2.8AROMA 6/10 APPEARANCE 3/5 TASTE 5/10 PALATE 3/5 OVERALL 11/20
The fact this beer even exists at all is quite surprising. Michelob is Anheuser-Busch’s quasi craft beer line, but even their beers are not all that high in quality - so why bother with a light? Surely, a Michelob drinker who wants a light would opt for Bud, Miller or Coors light, eh? Not that this beer is any better than those generic mainstream brews, in fact, it’s actually worse. Considering the price, this is one of biggest rip-offs of the beer drinking masses.
POUR, COLOR AND AROMA
Michelob Light pours smoothly to a clear, white gold body with plenty of carbonation present. The head is bright white, small and fizzy and peters out after just a few moments (as does the carbonation in the body). The aroma is extremely grainy and watery and actually a little foul. Even a fresh bottle of this beer smells old.
Criticizing a light beer for being bland and watery is stating the obvious. I don’t know too many people who drink a light mass-market brew for the delectable palate. However, at the very least, such beers shouldn’t be off-putting. But Michelob Light actually goes beyond the typical plain, watery light lager to the point of actually tasting bad.
This beer has one of the strongest metallic tastes I’ve ever encountered. It also has what my friend Jay calls a “dirty” taste - as if it were poured from a tap that hasn’t been cleaned in a while. It’s so bad that it actually makes it feel as if I have a canker sore in my mouth. What’s worse is that if this beer is not drunk immediately, it takes on an even dirtier, bitterer taste.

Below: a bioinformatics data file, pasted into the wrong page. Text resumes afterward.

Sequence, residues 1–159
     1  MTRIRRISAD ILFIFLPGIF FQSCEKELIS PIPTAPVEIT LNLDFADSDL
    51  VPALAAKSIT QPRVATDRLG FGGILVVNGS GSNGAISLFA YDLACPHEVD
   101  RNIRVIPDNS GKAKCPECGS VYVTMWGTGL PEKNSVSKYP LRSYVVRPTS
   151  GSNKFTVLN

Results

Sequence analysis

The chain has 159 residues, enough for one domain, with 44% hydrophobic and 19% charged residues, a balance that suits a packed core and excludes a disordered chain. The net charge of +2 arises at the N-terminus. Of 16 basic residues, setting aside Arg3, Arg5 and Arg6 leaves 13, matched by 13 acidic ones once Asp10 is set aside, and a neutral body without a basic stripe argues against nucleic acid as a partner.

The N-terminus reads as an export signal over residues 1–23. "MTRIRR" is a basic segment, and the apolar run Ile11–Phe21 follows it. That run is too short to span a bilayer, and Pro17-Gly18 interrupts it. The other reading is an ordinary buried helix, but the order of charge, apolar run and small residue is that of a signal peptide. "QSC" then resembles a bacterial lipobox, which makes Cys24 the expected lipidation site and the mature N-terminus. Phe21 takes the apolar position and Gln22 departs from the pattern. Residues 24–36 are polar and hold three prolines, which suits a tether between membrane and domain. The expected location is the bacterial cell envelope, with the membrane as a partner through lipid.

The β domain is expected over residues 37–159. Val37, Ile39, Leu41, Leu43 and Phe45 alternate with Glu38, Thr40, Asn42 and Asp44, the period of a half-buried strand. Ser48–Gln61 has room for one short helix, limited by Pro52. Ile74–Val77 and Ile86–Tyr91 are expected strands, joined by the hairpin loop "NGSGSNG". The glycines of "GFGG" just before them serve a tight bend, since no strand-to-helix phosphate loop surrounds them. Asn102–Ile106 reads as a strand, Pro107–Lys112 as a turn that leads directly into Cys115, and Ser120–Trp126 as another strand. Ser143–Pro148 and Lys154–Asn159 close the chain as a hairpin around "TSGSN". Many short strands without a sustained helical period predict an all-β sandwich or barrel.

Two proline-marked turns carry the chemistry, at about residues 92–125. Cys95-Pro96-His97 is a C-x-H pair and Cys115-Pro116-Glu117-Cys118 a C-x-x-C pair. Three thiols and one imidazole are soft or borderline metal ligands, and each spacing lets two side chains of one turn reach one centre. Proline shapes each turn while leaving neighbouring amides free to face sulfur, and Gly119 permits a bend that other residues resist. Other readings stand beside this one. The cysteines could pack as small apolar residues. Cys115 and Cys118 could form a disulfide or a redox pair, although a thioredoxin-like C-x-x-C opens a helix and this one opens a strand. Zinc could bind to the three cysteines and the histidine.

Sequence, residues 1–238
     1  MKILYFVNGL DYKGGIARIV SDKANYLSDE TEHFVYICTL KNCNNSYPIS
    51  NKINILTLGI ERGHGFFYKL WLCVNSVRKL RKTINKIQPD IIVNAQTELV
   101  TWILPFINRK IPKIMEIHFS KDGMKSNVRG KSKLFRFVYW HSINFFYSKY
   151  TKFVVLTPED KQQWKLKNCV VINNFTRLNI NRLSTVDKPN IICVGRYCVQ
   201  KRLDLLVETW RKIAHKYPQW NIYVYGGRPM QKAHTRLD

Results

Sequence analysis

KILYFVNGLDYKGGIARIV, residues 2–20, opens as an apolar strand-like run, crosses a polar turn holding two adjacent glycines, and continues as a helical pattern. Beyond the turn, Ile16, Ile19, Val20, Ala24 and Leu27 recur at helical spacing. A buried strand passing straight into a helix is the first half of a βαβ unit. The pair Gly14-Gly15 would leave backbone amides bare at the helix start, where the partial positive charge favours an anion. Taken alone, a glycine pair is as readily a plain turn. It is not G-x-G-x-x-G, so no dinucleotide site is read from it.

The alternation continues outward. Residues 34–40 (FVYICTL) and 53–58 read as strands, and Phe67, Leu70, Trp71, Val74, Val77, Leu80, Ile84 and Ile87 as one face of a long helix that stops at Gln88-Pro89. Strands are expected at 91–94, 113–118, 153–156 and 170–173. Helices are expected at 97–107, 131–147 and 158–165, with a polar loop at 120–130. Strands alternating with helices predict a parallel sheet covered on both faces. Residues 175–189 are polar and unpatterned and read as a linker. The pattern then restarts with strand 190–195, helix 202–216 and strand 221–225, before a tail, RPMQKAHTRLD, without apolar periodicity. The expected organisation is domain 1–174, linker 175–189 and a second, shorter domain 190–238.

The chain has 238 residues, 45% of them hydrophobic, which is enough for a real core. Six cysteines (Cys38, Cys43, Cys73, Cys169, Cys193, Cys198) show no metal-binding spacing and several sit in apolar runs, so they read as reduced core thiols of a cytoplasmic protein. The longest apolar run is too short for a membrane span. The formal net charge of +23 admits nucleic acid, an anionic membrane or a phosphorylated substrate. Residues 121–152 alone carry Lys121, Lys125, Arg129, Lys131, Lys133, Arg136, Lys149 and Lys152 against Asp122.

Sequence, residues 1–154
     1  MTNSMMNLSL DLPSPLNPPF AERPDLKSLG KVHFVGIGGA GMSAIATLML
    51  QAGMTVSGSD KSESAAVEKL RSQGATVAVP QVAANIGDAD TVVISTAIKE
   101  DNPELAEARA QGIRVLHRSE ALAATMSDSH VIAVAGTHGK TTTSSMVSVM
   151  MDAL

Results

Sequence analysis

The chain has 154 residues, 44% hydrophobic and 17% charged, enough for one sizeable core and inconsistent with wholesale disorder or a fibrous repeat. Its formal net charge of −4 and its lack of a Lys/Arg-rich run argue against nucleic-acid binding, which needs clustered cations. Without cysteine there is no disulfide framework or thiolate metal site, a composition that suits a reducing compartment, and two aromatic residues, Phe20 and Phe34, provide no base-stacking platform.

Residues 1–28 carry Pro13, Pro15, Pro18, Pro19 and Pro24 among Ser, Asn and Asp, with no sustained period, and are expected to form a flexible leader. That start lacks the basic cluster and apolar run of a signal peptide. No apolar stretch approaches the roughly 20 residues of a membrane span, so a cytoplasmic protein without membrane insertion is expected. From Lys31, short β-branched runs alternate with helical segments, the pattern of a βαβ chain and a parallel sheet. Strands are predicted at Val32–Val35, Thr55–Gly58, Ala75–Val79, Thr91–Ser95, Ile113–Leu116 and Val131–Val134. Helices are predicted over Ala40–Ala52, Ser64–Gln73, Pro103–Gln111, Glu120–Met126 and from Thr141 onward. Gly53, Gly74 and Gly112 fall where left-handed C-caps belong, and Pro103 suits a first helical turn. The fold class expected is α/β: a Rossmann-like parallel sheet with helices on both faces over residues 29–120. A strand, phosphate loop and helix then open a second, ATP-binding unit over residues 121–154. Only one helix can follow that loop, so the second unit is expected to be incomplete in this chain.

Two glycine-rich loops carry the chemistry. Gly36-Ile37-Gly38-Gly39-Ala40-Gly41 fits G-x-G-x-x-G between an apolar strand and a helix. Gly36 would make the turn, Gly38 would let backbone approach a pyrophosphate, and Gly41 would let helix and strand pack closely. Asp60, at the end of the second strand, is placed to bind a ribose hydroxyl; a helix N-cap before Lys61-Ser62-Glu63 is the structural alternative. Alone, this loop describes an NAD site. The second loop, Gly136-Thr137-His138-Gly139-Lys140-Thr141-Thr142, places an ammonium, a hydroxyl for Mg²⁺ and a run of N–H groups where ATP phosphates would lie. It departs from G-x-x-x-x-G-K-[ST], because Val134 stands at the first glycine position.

There isn’t much to say about the finish here. This is a light lager, after all, so of course it’s smooth due to its thin, watery complexion. It also has the shortest mortality rate for carbonation I’ve ever seen in a beer. Not only does it taste like water, it also feels like water in your mouth. And if allowed to warm just a few degrees a noticeable oily texture begins to form on the tongue.
For a “light” beer, Michelob Light is actually quite heavy weighing in at 123 calories, and 8.8 grams of carbs per 12oz serving. Theses are stats more commonly associated with a generic lager rather than a light brew. It’s also 4.3% ABV, which is just slightly higher than most lights, but nothing the lightest lightweight can’t handle. Still – if you’re going to drink light beer, why not go the whole nine yards and drink something even lighter?
Don’t be fooled by Anheuser-Busch’s marketing of the Michelob line. Despite the fact they are made from imported European ingredients, a cheap ingredient is still a cheap ingredient no matter where it comes from. I just don’t know who would want to pay upwards of $7 for a six-pack of Michelob Light when you could probably purchase a 12-pack of a slightly better light for about the same price (or, just be an adult, and drink a quality beer to begin with!).